'Putin wins the Guinness World Record for hypocrisy'

Those words are not mine; they were spoken on Thursday in a Security Council debate by Albania's permanent representative to the United Nations, Ferit Hoxha.  (Video here.)

Who would have thought tiny Albania would become a voice for the voiceless?  But I suppose there is logic in one of the world's smallest countries, recently a theater of war, sticking up for the victims.

Ferit Hoxha (YouTube screen grab).

The Biden regime crossed its Rubicon this week, with secretary of state Tony Blinken condemning Russia categorically for its "war of aggression" and the president-inept himself calling Putin a "war criminal."

While those are welcome words, they are just that: words.  Putin has shown that words can't break his bones, but he can crush civilians in Ukraine at the drop of a bomb.

Ambassador Hoxha's statement about Putin came in response to the Russians introducing a resolution at the U.N. to "protect civilians" in Ukraine, all the while bombing them in earnest.

I watched much of Thursday's Security Council debate on Sky News Arabia, where I was one of three live commentators.  Two observations leapt out at me while listening to the debate.  First: The U.N. has shown itself once again to be utterly powerless when faced with real aggression.  Unless the U.N. sends in a peace-keeping force, which is not in the cards, its only weapons against a real tyrant are words and at best sanctions.  Until now, it has used only words.

More significant, perhaps: Russia is not the Soviet Union, which could count on a bloc of occupied or client states at the U.N. to support it no matter what.  Putin's Russia is pretty well isolated, not just economically, but also diplomatically.  And Putin has only himself to blame.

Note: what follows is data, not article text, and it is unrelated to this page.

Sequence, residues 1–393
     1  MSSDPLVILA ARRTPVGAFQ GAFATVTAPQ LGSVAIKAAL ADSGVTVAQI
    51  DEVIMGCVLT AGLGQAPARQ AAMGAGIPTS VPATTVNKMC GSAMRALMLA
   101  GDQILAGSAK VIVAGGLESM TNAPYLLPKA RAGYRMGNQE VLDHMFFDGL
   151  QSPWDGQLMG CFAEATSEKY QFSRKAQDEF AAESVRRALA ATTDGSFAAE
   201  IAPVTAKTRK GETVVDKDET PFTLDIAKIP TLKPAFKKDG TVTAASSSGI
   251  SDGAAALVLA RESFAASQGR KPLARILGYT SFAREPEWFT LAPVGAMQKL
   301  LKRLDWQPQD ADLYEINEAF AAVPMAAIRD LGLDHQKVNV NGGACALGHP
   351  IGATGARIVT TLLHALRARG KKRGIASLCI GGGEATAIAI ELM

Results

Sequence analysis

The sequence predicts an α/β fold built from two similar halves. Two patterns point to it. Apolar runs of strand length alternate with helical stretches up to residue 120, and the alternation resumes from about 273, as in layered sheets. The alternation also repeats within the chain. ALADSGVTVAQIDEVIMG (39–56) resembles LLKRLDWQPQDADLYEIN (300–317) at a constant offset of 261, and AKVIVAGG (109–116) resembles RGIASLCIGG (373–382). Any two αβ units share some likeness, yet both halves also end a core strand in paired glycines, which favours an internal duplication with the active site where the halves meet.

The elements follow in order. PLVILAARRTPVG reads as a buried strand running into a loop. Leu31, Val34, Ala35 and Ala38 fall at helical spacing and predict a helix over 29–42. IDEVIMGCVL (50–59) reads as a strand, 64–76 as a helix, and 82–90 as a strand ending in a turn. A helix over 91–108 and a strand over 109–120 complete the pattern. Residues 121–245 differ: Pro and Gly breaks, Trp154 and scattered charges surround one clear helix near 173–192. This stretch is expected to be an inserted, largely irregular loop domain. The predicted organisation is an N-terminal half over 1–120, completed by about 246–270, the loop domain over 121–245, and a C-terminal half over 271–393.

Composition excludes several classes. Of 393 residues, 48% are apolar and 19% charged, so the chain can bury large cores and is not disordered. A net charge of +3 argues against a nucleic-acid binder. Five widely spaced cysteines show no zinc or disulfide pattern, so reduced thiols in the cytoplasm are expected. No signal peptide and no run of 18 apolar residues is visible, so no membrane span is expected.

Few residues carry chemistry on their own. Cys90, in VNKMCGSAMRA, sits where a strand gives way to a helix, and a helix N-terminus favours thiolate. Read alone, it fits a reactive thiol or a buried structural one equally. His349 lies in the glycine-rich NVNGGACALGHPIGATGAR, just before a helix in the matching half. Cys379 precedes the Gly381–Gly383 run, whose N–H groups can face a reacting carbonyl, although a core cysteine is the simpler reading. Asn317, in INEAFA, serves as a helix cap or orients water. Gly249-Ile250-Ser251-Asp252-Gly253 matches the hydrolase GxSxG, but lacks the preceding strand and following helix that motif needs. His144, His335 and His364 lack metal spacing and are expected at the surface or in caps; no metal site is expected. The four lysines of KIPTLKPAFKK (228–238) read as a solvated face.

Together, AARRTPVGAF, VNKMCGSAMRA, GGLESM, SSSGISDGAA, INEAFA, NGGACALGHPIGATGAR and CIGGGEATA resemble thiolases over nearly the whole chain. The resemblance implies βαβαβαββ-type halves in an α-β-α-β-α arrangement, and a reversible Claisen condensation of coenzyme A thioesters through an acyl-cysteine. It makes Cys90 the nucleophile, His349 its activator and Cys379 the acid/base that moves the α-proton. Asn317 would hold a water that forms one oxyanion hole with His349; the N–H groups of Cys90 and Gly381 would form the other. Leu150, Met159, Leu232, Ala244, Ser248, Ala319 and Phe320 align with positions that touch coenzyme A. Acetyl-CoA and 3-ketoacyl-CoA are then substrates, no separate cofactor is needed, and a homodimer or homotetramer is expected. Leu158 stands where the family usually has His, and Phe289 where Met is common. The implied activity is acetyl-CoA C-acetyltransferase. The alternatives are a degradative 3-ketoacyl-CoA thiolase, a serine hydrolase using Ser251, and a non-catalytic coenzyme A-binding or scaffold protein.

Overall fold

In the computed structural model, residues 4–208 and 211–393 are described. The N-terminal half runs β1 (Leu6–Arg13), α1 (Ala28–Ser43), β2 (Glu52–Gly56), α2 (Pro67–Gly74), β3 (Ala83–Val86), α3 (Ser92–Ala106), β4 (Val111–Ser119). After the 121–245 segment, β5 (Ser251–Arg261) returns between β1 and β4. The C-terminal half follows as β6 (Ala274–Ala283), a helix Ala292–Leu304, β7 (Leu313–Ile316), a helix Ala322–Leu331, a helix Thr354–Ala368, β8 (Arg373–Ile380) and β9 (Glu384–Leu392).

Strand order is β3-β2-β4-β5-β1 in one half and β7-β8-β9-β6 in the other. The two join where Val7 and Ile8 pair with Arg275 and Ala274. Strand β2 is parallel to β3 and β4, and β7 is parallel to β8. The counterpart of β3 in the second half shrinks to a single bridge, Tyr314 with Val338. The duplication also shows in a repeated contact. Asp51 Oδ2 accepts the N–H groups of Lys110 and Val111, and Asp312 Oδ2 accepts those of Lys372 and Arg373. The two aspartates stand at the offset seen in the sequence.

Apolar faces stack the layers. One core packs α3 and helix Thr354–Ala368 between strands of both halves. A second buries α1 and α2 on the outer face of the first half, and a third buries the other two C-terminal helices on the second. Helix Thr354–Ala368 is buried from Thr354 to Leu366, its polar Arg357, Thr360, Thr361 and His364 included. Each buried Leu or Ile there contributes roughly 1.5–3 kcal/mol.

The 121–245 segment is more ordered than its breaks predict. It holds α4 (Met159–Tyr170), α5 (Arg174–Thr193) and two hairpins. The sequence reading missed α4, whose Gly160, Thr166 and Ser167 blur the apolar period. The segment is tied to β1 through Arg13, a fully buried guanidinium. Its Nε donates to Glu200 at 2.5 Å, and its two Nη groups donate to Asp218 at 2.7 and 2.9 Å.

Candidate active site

The U.S. and Europe have been reluctant to impose sanctions or truly isolate Russia and have only been dragged into it thanks to Putin's insane barbarity.  Until just this week, British prime minister Boris Johnson was alone among Europeans in even insulting Vlad the Bad.

What this means is that Russia's actions cannot be walked back.  Those bodies lying in a mass grave in Mariupol will rise from the dead at some time in the future, and they will speak of the horror of Putin's crimes.  The men and women slaughtered while waiting in a breadline in Chernihiv will lift their fingers weeks or even months from now, and point to Putin and shout out, "J'accuse!"

Putin continues to pretend to engage in negotiations for temporary ceasefires and humanitarian corridors to allow civilians to escape.  But he cannot accept the more generalized ceasefire Ukrainian president Zelensky and many others are seeking because to do so before utterly smashing Kyiv would be to admit defeat.  And that's the one thing Putin cannot do.

This war is far from over.

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